Seventeen years after Saw (2004) hit cinema screens, kick-starting a whole new horror franchise, and four years after Jigsaw (2017) seemingly brought that same franchise to a close, the Saw movie series gets a revival in the shape of Spiral: From the Book of Saw. The movie – directed by Darren Lynn Bousman – is a reboot-cum-sequel to the previous films, becoming the ninth entry in the highly successful gorno series.

Spiral stars Chris Rock, Samuel L. Jackson, Max Minghella, and Marisol Nichols. The movie tells the story of a police detective, tasked with hunting down a copycat killer, who is following in the footsteps of John Kramer – the Jigsaw killer from the previous movies.

In the film, Detective ‘Zeke’ Banks investigates a gruesome murder of a fellow officer, with the crime scene displaying all the hallmarks of Jigsaw. However, with Kramer long-since dead, the evidence points to the emergence of another killer.

Saddled with a new partner, Banks delves deeper into the case, looking for clues. But as the body count begins to rise, and the investigation begins to spiral ever inward, he soon finds himself running out of time as the killer moves closer to home.

Spiral was released in cinemas back in May, and is still playing in cinemas at the moment should you want to watch it on the big screen. But, should you wish to view the movie at home, the film has just arrived on video-on-demand.

Spiral is available from all the major digital retailers, including Amazon, iTunes, and Sky Store. A 48-hour rental will set you back around £15.99.

Image: ©Lionsgate
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As mentioned above, Spiral is both a reboot and a sequel to the earlier Saw films. The movie takes place after the events of Saw one to eight, but in essence is a standalone tale, offering a new entry point for latecomers.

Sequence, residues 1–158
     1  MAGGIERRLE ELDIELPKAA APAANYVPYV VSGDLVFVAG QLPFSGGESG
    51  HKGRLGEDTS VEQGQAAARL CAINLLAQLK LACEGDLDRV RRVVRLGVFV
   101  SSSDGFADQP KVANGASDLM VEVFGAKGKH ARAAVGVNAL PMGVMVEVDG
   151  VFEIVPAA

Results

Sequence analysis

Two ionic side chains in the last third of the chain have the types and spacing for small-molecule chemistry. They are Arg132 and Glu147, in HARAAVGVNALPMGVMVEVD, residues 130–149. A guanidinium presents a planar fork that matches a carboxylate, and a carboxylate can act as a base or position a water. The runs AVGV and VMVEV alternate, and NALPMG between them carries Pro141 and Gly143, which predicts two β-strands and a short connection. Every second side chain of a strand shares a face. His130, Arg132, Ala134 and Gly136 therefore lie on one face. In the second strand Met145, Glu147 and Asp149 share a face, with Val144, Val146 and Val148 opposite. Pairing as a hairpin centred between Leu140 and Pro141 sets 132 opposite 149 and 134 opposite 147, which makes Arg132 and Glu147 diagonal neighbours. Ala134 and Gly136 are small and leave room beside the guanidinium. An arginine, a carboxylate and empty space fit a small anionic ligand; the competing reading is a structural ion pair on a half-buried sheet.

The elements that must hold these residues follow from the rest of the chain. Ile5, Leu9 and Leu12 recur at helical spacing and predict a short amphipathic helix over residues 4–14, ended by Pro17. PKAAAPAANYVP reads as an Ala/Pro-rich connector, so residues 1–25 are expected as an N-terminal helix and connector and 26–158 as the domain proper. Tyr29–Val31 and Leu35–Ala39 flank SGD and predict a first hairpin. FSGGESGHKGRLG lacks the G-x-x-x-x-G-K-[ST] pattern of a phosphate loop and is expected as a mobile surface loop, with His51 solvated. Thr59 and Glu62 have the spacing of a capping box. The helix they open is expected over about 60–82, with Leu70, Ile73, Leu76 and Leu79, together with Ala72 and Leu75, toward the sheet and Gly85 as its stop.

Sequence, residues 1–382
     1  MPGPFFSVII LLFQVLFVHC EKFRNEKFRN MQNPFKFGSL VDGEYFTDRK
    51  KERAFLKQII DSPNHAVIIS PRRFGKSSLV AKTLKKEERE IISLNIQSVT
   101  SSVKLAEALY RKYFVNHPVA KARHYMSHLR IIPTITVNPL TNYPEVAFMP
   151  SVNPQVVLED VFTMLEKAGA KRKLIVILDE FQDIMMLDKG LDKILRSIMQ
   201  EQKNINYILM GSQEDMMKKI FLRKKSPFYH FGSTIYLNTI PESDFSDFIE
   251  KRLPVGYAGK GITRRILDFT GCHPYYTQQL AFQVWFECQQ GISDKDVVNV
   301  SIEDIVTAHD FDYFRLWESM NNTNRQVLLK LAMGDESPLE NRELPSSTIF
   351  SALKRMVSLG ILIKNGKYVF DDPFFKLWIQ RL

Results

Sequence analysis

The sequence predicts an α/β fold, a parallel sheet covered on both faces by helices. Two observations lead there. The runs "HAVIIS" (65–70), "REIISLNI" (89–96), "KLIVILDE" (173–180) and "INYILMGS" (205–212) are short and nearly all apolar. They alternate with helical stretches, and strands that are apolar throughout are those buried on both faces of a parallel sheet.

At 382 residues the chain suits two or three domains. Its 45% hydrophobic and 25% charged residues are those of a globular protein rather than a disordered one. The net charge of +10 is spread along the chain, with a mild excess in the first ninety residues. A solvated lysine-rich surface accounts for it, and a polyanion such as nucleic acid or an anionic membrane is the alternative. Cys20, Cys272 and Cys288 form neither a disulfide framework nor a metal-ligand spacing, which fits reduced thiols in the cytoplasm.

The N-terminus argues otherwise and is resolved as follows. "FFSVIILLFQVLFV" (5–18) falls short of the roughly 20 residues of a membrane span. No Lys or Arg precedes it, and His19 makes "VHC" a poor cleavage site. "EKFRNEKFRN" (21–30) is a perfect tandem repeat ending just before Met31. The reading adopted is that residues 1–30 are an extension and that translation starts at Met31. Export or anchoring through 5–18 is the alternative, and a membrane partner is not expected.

Making this film a soft reboot was arguably the best decision the production team could have taken, as anyone who has followed the Saw series from the very beginning will know that it became more convoluted and confusing as it went along. However, if you are a long-time fan, don’t worry, while this movie might boast a fresh coat of paint, this is still very much a Saw film under the hood.

Spiral looks like a Saw movie, it plays like a Saw movie, and contains all the traps and gore that has become part of the Saw brand. And none of this should be all that surprising really, as director Darren Lynn Bousman has been an integral part of the franchise since the early days, having previously directed Saw II to IV (2005 – 2007).

The good news then is that if you are a big fan of the series, you will like this latest instalment. Spiral follows the same format as some of the earlier films, and lives up to its subtitle, by being very much ‘from the book of Saw’.

The not-so good news is that Spiral doesn’t do anything new. Although it does distance itself from what came before, with new characters and a new killer, the movie sticks to the formula so rigidly, that while this may be a soft reboot, there is nothing in here to convince new audiences to jump on board.

The film also suffers from being somewhat uneven. Sections of the movie are fine, others less so.